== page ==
New Delhi, Nov 10 (UNI) Loss of biodiversity and disturbance of the ecosystem continue to be a major global threat to future development, says the fourth Report of the Global Environment Outlook(GBO) brought out by the United Nations.
Disbalance in the distribution of land, freshwater and marine biodiversity is more rapid than at any time in human history.
Ecosystems such as forests, wetlands, and drylands are being transformed, in some cases, irreversibly degraded.
The rate of species extinction was increasing, and a great majority of them, including the commercially important fish stocks, are declining in distribution or abundance or both.
The Report says that despite the importance of terrestrial and aquatic ecosystem, they were being destroyed by people on an unprecedented scale, with little understanding of the implications that this will have in terms of their ability to function and provide services in future.
Biodiversity plays multiple roles in the daily lives of people through the supply of ecosystem services. In agriculture, biodiversity contributes in regulating and supporting services through soil formation, nutrient cycling, and pollination.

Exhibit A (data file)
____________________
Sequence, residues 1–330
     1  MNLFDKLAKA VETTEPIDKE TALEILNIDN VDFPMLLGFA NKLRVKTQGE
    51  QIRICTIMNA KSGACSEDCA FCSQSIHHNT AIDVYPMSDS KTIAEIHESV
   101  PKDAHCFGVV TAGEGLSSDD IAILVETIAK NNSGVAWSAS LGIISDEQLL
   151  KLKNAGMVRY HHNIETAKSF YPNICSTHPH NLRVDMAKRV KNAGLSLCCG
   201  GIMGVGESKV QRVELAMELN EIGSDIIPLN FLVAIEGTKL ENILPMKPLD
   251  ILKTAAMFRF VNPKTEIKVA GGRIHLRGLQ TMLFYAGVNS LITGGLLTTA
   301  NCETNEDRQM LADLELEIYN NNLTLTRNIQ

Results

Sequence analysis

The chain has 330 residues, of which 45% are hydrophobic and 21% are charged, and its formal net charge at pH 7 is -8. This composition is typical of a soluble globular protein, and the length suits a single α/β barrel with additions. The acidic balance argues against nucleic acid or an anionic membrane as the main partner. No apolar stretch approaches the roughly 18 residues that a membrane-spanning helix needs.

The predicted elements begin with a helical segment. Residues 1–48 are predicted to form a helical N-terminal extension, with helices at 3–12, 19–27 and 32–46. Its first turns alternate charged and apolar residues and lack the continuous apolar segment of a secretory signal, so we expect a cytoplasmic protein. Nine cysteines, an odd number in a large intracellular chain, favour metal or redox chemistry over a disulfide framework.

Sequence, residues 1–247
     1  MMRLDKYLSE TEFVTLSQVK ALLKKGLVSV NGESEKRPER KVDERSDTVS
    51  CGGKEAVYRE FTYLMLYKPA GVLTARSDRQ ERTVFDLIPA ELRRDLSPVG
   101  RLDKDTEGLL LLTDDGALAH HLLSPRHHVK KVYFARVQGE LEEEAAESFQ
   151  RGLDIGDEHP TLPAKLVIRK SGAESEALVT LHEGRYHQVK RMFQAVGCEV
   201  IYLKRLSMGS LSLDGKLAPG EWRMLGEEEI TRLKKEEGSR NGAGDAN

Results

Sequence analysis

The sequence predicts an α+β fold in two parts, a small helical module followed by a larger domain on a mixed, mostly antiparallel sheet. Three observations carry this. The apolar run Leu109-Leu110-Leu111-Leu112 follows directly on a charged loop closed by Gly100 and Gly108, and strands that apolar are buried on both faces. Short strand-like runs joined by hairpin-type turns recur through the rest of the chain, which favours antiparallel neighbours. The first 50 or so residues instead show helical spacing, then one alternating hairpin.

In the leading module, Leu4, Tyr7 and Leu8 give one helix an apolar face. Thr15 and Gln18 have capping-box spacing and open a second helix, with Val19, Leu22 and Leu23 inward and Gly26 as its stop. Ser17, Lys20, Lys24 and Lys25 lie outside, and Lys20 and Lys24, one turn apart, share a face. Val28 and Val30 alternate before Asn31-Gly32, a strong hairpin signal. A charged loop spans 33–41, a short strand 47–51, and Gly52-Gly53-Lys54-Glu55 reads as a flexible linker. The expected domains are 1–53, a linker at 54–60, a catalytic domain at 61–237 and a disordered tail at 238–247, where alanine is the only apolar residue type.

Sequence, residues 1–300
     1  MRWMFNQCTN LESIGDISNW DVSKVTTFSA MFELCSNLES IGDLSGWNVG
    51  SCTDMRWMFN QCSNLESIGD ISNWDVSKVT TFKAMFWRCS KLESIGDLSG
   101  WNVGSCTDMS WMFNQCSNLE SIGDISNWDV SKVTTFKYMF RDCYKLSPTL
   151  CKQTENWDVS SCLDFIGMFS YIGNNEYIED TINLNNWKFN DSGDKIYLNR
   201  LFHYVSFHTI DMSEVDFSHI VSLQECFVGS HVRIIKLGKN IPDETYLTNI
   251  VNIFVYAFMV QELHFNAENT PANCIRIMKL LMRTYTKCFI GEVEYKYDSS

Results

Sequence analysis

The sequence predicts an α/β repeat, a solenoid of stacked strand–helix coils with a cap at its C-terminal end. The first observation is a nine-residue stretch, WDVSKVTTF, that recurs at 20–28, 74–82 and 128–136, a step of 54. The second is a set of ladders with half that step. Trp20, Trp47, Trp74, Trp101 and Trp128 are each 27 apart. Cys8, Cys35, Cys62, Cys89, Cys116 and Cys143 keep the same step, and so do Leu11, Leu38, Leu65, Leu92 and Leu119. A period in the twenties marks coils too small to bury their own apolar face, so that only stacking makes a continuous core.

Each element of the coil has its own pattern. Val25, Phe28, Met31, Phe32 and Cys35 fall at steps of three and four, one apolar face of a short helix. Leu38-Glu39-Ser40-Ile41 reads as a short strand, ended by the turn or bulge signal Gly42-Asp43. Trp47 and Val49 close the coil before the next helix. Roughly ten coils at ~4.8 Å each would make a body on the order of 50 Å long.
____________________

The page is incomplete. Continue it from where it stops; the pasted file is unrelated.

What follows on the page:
For example, the value of the regulating services provided by honeybees as pollinators for crops has been estimated at well over two billion US dollars per year, and the annual fish catch is valued at 58 billion dollars.
The Report says that poor people in rural and remote areas tend to be most directly affected by the deterioration or loss of ecosystem services. In view of this, many governments have established and adopted the 2010 biodiversity target to reduce the rate of loss of biodiversity at global, regional and national scales.
Though there have been local success stories of sustainable use of biodiversity, at a global level, and in most regions of the world, biodiversity continues to be lost because current policies and economic systems do not incorpoarte the values of biodiversity effectively in either the political or the market systems, and many policies that are already in place, are yet to be fully implemented, says the Report.